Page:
Interview with Paul Pritchard (“The Journey”)

Gosia: The short movie ‘Journey’ features your bike tour from Lhasa in Tibet to Kathmandu in Nepal. You have vast experience as a climber so no surprise you longed to go to the mountains but what made you choose Tibet?

Paul Pritchard: One simple word: Everest. All the climbing I’d done in the Himalayas and I’d never even seen Mount Everest, or Chomolongma as it is known in Tibet. I had to make the pilgrimage to the highest mountain on earth and being disabled cycling a specially built trike was the only way to accomplish this. Also as I’d never been to Tibet I was very interested to see Tibetan Buddhist culture and what the reality of Chinese occupation means.

The landscapes, encounters with local people and culture in Tibet must have been rewarding, but let’s admit it, the conditions of cycling in Tibet are very tough: dirt roads, freezing temperatures, high altitude and thin air. How did you cope with that?

The Chinese have completed an amazing feat of engineering metalling the whole of the Friendship Highway between Lhasa and Zhongmu (the border town with Nepal) so it is literally a thousand kilometres of brand new road. However, the eight-day dog-leg up to Mt Everest and back to the highway was a very tough dirt roads and stream beds. And cycling at an altitude of 5300 metres leaves you gasping for breath if you push too hard. So my motto was “slow and steady”, we weren’t racing!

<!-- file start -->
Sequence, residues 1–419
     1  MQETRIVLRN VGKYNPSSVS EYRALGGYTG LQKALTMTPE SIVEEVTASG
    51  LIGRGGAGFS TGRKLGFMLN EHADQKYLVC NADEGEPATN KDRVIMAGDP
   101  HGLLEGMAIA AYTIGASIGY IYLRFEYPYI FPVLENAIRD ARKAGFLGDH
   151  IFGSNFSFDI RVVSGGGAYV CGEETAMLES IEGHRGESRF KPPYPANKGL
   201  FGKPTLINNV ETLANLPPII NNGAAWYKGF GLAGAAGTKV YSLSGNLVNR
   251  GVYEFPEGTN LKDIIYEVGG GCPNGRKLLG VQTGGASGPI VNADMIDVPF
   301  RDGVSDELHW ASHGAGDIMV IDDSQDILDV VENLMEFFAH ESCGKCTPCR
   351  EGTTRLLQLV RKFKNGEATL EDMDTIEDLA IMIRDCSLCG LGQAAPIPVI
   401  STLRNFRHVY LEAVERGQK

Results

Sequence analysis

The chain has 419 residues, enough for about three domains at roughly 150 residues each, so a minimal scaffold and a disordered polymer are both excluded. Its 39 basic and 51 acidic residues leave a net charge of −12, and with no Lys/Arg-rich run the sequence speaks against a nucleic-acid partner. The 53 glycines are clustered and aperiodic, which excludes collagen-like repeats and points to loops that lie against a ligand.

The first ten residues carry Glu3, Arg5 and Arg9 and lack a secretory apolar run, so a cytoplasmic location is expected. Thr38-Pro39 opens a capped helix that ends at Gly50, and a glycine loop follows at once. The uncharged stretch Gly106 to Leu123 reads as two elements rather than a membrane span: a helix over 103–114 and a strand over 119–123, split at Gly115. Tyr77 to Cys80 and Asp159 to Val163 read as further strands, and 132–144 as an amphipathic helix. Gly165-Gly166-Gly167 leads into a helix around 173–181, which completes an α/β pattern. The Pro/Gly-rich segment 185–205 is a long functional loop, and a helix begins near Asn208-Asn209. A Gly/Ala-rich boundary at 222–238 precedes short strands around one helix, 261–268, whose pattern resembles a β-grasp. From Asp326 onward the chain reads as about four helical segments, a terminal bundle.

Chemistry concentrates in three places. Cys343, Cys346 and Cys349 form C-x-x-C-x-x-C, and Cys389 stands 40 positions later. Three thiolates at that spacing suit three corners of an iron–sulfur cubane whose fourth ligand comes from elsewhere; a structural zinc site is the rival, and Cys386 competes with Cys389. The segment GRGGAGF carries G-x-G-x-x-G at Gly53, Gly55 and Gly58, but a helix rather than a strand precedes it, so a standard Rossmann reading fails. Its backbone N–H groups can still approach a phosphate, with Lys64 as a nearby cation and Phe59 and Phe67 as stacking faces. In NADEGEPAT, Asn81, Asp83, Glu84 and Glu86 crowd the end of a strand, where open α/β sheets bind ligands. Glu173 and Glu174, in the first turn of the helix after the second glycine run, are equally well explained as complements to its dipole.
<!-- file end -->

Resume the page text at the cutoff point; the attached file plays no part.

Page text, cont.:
Your journey was all the more special as you undertook it by trike. How did you fit and prepare your three-wheeled bicycle for this adventure?

I knew it was going to be tough on the trike so chose the most robust machine I could find – the Greenspeed Magnum which has a beefier frame . The crucial thing for me was to have very low gears as I am essentially pedalling with one leg – so I had Schlumpf Mountain Drive crank and a Rohloff hub which gives me a 2.6 to 1 ratio!

Travelling by bicycle gives an entirely new perspective of a place, doesn’t it?

Yes, travelling slow lets you experience the landscape and culture much more readily than if you were passing by in a bus. And travelling low to the ground on a trike you’re at eye level to kids – and unfortunately vicious Tibetan Mastiffs!

What is the most precious memory from your journey?

After I had sold all my climbing gear after my accident I never thought I would see the highest mountain on earth. Reaching my goal of Everest Base Camp was one of the greatest moments of my life.

What’s next on the horizon?

I plan to ride from the lowest point in Australia (Lake Eyre) to the highest point (Mount Kosciusko) in 2015.

We wish you good luck with this project. Thank you very much for the interview.

Paul Pritchard has published three books: ‘Deep Play’ won the prestigious Boardman/Tasker Award for mountain literature in 1997, the ‘Totem Pole’ won both the 1999 Boardman/Tasker Award and the 1999 Banff Mountain Book Festival Grand Prize and ‘The Longest Climb’.

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